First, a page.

Christmas Around the World

Have a Merry Christmas!


Christmas is a celebration that takes place annually on December the 25th, commemorating the birth of Jesus with most cultures focusing the December public holiday around this day. The majority of Christians traditionally celebrate this occasion religiously, although people from other faiths or none often celebrate the cultural aspects of this occasion each year.

Everybody has their own definition of what Christmas means to them. What comes to your mind when you hear the word ‘Christmas’? Stockings? Santa’s Village? Christmas trees? Presents? Gingerbread houses? While these answers are all correct to you and possibly other people, there are many more traditions unique to certain cultures across the globe.

The United States

In the United States, most people celebrate Christmas around religious beliefs, with many Americans celebrating generational family traditions either from the USA or from their native countries. Some aspects widely practised across the nation include performing Christmas carols, drinking eggnog, and decorating houses. Often cities such as New York decorate their streets with lights, trees, and other ornaments every year to bring the festivity and Christmas spirit alive in the streets. On Christmas Eve, cookies and milk are traditionally left out for Santa by the children of each home and the following Christmas Day is usually spent going to Church and spending the rest of the time with family. [1]


The United Kingdom

In the United Kingdom, traditions are similar to those of the USA. People may choose to stay at home for Christmas and instead focus exclusively on celebrating the day with family and friends, or may attend religious Christmas services at Church and have a dinner with family later on. Streets and homes are decorated with traditional Christmas ornaments, such as ivy, holly, mistletoe, and bright lights. In London’s popular shopping destination Oxford Street, crowds gather to spectate the turning on of the lights lining the streets. The weeks leading up to Christmas are spent shopping for presents (the streets bustling with hundreds of people eager for the Christmas sales), decorating, watching nativity plays, and listening to Christmas Carols. People in the UK enjoy a celebratory Christmas lunch with turkey, roast beef, Yorkshire pudding, and Brussel sprouts along with a Christmas pudding for their dessert. Crackers are often given out to each person, usually containing a riddle, paper crown and other novelty trinkets.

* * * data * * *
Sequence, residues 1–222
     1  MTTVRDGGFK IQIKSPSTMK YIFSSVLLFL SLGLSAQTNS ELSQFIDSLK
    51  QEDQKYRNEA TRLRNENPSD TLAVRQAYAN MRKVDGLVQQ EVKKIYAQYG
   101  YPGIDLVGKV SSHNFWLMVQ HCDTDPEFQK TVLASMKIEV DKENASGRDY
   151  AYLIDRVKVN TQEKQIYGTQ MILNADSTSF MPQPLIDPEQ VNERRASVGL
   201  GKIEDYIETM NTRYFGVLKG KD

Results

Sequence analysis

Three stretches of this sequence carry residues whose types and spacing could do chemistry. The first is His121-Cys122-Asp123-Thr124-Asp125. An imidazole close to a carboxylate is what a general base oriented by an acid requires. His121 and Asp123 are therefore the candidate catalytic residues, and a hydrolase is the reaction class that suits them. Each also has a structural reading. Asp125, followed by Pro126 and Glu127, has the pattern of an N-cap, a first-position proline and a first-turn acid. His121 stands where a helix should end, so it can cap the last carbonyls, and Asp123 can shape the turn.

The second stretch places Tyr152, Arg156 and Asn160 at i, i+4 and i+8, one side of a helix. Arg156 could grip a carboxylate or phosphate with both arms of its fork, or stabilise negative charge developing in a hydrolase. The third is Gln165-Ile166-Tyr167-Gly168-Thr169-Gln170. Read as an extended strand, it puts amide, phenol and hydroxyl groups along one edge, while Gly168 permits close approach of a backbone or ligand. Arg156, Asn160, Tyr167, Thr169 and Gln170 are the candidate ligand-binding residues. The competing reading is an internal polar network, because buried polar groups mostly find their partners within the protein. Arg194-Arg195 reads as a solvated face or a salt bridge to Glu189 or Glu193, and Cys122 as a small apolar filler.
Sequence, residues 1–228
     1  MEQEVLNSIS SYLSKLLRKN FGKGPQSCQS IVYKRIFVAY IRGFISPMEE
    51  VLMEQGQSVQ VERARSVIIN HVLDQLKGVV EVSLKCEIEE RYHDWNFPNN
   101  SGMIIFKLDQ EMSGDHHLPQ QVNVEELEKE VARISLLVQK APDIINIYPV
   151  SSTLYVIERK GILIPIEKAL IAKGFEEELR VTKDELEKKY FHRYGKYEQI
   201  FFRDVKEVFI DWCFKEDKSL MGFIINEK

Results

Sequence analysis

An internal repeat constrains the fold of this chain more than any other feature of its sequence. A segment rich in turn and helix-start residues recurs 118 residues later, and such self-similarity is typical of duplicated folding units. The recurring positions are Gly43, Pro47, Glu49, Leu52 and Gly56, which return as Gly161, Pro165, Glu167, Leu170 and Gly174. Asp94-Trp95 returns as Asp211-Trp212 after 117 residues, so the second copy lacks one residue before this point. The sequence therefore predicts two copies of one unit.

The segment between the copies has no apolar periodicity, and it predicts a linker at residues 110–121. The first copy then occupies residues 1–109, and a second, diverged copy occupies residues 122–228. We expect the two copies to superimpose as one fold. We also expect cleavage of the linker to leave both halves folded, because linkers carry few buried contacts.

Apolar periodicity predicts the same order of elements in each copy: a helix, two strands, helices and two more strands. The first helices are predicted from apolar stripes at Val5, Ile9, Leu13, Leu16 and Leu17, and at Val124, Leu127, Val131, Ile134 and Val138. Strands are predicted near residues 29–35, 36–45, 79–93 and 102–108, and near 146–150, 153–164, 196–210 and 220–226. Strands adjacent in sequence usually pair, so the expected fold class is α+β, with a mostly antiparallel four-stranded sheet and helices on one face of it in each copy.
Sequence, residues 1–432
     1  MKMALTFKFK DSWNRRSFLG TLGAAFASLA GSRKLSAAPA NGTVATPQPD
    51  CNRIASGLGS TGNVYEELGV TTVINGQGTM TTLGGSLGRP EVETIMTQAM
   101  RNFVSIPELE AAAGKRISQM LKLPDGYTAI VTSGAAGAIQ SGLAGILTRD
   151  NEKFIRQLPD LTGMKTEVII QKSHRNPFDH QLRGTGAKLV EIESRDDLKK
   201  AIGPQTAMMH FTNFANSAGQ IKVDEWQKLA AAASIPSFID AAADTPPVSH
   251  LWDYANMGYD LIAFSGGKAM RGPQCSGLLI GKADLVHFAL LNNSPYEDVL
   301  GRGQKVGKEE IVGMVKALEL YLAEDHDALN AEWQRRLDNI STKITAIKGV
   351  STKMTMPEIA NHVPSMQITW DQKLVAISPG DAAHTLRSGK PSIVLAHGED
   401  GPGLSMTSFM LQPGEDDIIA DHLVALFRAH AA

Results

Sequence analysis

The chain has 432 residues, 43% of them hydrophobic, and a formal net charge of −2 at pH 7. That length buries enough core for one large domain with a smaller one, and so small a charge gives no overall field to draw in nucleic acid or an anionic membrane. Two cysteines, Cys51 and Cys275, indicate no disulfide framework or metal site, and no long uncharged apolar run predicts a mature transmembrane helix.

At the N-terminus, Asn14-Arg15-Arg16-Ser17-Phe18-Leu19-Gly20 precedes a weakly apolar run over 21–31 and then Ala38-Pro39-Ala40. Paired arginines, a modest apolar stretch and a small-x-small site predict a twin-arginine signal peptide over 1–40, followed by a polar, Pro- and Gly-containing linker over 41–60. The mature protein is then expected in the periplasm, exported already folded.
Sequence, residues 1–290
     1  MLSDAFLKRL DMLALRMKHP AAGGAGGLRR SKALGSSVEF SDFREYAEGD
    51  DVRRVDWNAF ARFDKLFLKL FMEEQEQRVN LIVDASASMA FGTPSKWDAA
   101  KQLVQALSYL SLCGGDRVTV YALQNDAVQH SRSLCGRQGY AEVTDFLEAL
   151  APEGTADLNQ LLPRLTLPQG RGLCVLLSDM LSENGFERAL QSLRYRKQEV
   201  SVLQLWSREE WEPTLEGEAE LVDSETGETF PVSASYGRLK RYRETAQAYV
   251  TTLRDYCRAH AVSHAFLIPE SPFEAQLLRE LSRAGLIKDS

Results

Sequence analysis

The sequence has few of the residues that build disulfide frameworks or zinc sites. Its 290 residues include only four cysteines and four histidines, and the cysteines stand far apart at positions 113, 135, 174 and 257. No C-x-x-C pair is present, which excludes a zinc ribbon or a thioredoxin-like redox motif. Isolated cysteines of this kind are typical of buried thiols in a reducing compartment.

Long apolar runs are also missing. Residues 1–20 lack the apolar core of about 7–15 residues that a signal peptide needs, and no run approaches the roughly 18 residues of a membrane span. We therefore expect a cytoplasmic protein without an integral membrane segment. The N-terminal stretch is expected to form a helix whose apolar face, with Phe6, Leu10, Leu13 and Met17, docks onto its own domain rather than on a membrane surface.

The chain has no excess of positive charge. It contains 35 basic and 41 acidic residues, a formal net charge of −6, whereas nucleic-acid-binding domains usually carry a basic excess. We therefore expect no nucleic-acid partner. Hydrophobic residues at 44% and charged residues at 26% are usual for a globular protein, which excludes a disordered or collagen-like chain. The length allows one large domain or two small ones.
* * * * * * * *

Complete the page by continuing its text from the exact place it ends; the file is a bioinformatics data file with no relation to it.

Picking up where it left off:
Christmas in Jamaica is fairly similar to Christmas in other parts of the world apart from the climate and cultural practices. As many Jamaicans live abroad, they often go back to Jamaica during Christmas time. Due to the tropical weather, Christmas is considered part of Jamaica’s peak tourist season as a lot of visitors come to enjoy the sun and festivals. Some traditions unique to Jamaica include going to Church Saturday or Sunday before Christmas Day, and participating in The Gran Market on Christmas Eve. A highly anticipated event, it lasts all day, with people spending their time shopping for presents and deals. A typical Jamaican Christmas meal usually includes curried goat, chicken, ham, and rice with a cake for dessert, all accompanied by ‘Sorell’, a drink made from flowers, ginger, sugar, and rum. All throughout the Christmas season, Jamaicans celebrate by singing and listening to carols.[2]

The Philippines

In the Philippines, Christmas starts as early as September and ends in January with the ‘Feast of the Three Kings’, a religious event celebrated with a Mass on January 6thto mark the end of Christmas.[3]In the Philippines they enjoy decorating homes, malls and listening to Christmas music all throughout September. ‘Parols’, (a traditional Filipinodecoration made from colourful paper, bamboo sticks, and a star) are used to decorate towns for Christmas that are alive with carols, followed by Simbang Gabi,a nine-day Mass celebrated from December 16th-24thas a way to bless and give thanks to the Virgin Mary. On Christmas Day, families celebrate Noche Buena, a grand family dinner with delicious Filipino food. 


In Australia, Christmas is celebrated in the middle of summer, although many of the traditions practised are similar to ones in the USA and UK, such as hanging wreaths, carolling, decorating Christmas trees and hanging colourful lights. A festival unique to Australia is ‘Carols by Candlelight’, where the people watch performances of Christmas Carols sung in venues all over the country, including national and international singers who take part in this popular event. [4]

Christmas is a celebration celebrated by many different people all around the world in varying ways. However, the ones discussed in this article all have the same meaning and intention- to bring people together.

Have your own merry, jolly and unique Christmas!